Middle East
Yemeni troops 'open fire on protesters'
Reports of more clashes come as leaders of opposition bloc head to Saudi Arabia to discuss transition of power.
Last Modified: 17 Apr 2011 16:44
Anti-government protesters in Yemen remain unsatisfied with Saleh's attempts at compromise [Reuters]

Forces loyal to Ali Abdullah Saleh, the Yemeni president, have opened fire at an anti-government protest march in the capital Sanaa, wounding at least four people, witnesses say.

They said the shooting began when they tried to march in a street outside their normal protest zone on Sunday.

Wounded people were being rushed to hospital in ambulances and private cars.

Security forces deployed heavily in Sanaa where hundreds of thousands of men and women took to the streets in protest against Saleh's call for an end to men and women joining together in anti-regime protests, and calling for his overthrow.

Protesters also took to the streets in the cities of Taiz and Ibb, south of Sanaa, and the Red Sea city of Al-Hudaydah, the organisers said.

Saleh has struck a defiant tone by calling the opposition liars and bandits. He also appealed to religious sensitivities in the conservative Muslim country by criticising the mixing of unrelated men and women among Sanaa protesters.

The remarks enraged many Yemeni women, who took to the streets in their thousands in across the country on Saturday to protest against his comments, saying women's participation in protests was a religious duty.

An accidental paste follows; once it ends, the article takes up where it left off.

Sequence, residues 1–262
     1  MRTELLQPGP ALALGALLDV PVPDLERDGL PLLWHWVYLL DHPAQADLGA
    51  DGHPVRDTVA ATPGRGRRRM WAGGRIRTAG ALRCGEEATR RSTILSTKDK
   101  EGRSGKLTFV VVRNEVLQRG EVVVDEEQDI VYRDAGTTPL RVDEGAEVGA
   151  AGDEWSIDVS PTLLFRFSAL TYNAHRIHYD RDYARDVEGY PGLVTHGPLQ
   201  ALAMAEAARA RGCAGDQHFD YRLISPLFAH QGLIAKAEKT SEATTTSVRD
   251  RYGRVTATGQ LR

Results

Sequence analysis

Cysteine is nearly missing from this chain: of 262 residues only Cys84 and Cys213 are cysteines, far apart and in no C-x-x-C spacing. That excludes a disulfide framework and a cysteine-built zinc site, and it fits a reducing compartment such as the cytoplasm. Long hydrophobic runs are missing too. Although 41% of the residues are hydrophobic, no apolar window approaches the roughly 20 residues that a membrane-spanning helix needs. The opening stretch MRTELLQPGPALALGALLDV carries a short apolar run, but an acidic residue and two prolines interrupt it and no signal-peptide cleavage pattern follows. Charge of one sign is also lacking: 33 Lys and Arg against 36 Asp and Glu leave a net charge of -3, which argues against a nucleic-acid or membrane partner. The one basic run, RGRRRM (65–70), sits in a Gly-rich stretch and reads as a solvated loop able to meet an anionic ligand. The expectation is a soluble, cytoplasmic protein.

Transitional talks

Against this backdrop of continued unrest, Joint Meeting Parties, an opposition coalition formed in 2002, has said it would send a delegation to Saudi Arabia on Sunday to discuss with Gulf Arab ministers the transition of power in their country.

"We have requested this meeting with the GCC states' foreign ministers to explain our points of view on the Gulf initiative," Yassin Noman, an opposition leader, told Reuters.

He said Mohammed Basindwa, a former foreign minister, would head the delegation.

Opposition leaders previously refused to join Gulf-mediated talks with Saleh's representatives, saying they wanted to force him out within two weeks, because the Gulf plan did not include a quick or clear timetable for the transition of power.

The youth movement, which plays a prominent role in the anti-government demonstrations, said it remains unwilling to take part in any talks before president Saleh's departure. 

The Gulf plan announced a week ago appeared to promise Saleh immunity from prosecution, an issue that had proved a stumbling block in earlier talks that stalled. Saleh accepted the Gulf talks framework the next day.

More than 116 protesters have been killed in clashes with security forces since late January, and there are fears that the violence could escalate in the country, at least half of whose 23 million people own a gun.

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